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Re: The patent process [Was Re: Sharing the Family PC is Patent-Pending]

From: Alun
Subject: Re: The patent process [Was Re: Sharing the Family PC is Patent-Pending]
Date: 14 May 2004 00:47:42 GMT
User-agent: Xnews/4.11.09

Stefaan A Eeckels <> wrote in">

> On 13 May 2004 11:35:14 GMT
> Alun <> wrote:
>> Stefaan A Eeckels <> wrote in 
>> I would say that this may be going a little too far. Whilst you never
>> know if some apparently inocuous clause may be a problem, not all
>> contracts have to be complex. It pays to learn some contract law at
>> least. I think it would help you understand contracts. 
> IIRC, that was the type of argument I made, but he
> seemed to think that the moment it was worthwhile,
> one should consult an attorney, and that attempting
> to avoid paying a lawyer was penny wise pound foolish
>  - but he is a lawyer himself, so he might be promoting 
> his profession.
>> But I'm a patent agent, and not considered to be a lawyer, which is
>> synonymous with attorney in the US. 
> Would that be the same status as a law clerk?

No, it wouldn't. 

A law clerk is someone working under a lawyer and training to be one, 
usually by going to night school or occasionally as an apprenticeship in 
the few states where that is still possible (NY, Virginia, and maybe one or 
two others). A law clerk has the same status as a paralegal, i.e. they 
can't produce any legal work product in their own right and they can't sign 
anything. IOW, they have no status!

A patent agent, OTOH, has the same status before the PTO in patent cases as 
a patent attorney, but is not an attorney. A patent agent can provide legal 
services in their own right, within certain limitations (which have been 
often discussed on <> without reaching agreement). Any 
paper I file in the PTO is my legal work product and has my signature. A 
law clerk can't do that, and for that matter neither can an attorney unless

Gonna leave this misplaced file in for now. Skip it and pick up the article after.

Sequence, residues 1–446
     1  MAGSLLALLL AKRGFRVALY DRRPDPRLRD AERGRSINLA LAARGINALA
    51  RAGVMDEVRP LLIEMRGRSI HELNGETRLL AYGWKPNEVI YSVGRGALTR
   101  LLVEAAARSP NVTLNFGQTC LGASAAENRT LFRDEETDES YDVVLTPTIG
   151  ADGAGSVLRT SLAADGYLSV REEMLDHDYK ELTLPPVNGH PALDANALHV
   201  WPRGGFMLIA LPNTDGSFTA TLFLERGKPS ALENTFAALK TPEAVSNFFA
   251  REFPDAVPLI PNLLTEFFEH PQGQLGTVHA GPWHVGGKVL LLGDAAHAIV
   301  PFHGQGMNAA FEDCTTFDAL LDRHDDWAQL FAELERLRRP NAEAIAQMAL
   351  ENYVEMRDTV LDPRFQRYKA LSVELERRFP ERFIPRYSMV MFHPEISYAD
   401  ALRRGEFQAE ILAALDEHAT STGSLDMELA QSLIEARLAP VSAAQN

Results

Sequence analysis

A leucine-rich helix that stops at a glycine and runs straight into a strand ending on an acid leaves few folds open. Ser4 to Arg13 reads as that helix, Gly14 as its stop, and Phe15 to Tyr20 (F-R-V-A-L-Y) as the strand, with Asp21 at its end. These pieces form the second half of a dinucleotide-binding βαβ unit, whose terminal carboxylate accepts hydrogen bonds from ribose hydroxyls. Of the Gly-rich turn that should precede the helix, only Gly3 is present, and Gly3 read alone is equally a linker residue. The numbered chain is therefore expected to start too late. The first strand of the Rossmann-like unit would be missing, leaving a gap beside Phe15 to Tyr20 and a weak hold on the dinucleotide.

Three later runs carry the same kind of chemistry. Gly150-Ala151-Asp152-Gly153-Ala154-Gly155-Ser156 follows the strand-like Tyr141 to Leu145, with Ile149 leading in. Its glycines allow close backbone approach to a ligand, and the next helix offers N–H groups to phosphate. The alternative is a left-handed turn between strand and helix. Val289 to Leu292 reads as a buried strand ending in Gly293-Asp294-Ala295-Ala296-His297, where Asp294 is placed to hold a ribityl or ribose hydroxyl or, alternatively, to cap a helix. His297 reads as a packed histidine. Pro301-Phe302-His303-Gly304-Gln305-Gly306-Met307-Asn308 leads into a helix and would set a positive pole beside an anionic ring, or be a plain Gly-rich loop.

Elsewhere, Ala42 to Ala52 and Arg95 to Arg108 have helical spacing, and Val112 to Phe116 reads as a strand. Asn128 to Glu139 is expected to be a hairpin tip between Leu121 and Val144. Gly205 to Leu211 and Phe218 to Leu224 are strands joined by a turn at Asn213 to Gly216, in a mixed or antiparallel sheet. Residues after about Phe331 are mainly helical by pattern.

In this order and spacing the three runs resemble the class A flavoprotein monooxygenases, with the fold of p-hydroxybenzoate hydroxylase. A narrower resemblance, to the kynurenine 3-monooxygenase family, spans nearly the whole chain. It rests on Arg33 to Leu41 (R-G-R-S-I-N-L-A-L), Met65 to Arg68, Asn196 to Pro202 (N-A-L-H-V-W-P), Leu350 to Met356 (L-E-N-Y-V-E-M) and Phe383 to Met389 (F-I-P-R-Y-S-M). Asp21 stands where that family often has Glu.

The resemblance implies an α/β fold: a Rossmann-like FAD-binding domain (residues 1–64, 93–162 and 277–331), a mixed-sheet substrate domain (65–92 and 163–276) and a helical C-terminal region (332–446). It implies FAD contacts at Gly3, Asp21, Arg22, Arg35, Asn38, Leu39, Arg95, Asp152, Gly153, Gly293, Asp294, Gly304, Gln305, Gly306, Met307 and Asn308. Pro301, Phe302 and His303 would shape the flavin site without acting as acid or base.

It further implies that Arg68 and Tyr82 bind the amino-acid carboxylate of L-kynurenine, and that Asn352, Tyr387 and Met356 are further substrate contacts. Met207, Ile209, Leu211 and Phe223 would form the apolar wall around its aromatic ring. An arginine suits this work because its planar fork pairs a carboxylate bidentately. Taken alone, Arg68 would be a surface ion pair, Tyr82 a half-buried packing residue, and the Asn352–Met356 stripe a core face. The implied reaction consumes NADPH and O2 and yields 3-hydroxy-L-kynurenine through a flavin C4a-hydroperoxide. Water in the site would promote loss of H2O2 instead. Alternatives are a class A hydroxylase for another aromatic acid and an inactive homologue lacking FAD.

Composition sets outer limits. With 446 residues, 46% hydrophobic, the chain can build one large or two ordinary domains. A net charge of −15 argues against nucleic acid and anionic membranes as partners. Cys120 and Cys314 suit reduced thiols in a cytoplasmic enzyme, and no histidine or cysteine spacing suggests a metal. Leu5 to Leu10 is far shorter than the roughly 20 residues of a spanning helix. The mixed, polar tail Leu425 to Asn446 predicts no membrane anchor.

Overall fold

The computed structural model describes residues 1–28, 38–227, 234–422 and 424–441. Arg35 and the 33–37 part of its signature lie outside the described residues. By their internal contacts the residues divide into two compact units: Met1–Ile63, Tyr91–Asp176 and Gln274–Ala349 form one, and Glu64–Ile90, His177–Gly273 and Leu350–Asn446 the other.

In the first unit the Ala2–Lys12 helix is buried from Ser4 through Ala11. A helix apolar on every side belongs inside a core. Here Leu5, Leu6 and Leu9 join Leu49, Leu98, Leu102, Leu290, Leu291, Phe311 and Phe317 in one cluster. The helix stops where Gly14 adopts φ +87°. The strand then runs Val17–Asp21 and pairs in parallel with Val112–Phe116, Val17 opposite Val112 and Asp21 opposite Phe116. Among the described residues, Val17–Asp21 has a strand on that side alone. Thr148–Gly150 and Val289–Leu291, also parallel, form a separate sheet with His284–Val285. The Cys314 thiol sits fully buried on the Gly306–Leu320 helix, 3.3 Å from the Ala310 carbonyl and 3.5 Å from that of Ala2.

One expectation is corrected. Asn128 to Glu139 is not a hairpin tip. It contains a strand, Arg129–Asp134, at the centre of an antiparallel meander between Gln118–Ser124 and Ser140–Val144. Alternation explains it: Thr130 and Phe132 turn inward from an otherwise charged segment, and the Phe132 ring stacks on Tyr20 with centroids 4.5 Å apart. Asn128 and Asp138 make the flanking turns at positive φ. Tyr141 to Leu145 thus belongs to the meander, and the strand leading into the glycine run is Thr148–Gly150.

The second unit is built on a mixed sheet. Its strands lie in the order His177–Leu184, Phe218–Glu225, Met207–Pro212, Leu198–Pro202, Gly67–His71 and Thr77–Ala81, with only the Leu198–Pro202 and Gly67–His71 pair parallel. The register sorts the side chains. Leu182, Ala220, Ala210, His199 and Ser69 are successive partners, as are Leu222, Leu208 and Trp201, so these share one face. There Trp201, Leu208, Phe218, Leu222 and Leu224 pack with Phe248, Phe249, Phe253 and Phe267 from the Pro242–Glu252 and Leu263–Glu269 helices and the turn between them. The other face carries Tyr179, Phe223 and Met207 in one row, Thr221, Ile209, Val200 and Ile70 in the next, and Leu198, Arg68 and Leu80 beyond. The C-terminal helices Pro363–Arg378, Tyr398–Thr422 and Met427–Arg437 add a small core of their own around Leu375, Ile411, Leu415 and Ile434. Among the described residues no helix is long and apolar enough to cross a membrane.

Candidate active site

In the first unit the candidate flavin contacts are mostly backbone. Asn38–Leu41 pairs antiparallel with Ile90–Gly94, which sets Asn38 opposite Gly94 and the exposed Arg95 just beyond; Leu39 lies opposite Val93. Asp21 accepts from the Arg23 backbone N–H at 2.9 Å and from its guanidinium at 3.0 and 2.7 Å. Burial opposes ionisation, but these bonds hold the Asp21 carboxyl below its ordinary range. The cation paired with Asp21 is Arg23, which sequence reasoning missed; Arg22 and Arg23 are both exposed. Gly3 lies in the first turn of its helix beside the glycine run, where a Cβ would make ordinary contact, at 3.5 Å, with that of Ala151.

they are a patent attorney. I can also provide a legal opinion on an 
invention, which any attorney may do, but which a law clerk certainly 

The term 'patent attorney' is not merely descriptive, but refers to an 
attorney who has met the same requirements as a patent agent, which is that 
they have met requirements for _technical_ education and passed a test in 
patent law. So don't assume when you talk to a patent attorney that you are 
talking to a non-technical person!
>> > His summary was that whenever one did something that might
>> > result in the other party suing, one should avail oneself
>> > of the services of a competent lawyer (ie one with experience
>> > in the field), one can never avoid being sued, and one can never be
>> > sure one is going to prevail. 
>> Whilst technically true, I don't think it's worth most people losing any
>> sleep over. It should be possible to at least avoid doing anything that
>> a reasonable person would sue you for. The unreasonable ones are another
>> matter. 
> Most reasonable people never sue. What I'm worried 
> about is the companies with legal departments that
> have to earn their keep, and go after the smallest
> possible competitor (like Microsoft bothering with
>, and even Lindows - I do know they
> have to protect their trademarks etc., but it surely
> resembles swatting flies with a bazooka).
>> > If this is correct, a software author should have every
>> > program examined by a patent attorney, have a stash of
>> > cash in order to be able to defend a lawsuit, and prepare
>> > to spend time in court if ever one of her programs is seen
>> > as a threat by one of the big boys, in which case it is
>> > better to sell them the program before she's bankrupted.
>> > 
>> I wouldn't say every programme. If you are doing something that you
>> think may be patented then it may be a good idea to get advice, but the
>> vast majority of software doesn't rise to that level.  
> But that's the crux of the matter - there are so many trivial
> software patents that there is a significant chance anything
> beyond "Hello World" infringes on a couple of them. 
> Take care,

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